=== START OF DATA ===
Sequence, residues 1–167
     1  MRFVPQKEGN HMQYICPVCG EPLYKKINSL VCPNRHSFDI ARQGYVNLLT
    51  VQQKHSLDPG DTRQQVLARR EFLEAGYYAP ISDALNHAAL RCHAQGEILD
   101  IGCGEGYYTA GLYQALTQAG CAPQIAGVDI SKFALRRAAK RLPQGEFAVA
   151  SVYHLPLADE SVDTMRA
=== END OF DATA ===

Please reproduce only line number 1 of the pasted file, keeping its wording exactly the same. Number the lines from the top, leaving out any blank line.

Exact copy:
Sequence, residues 1–167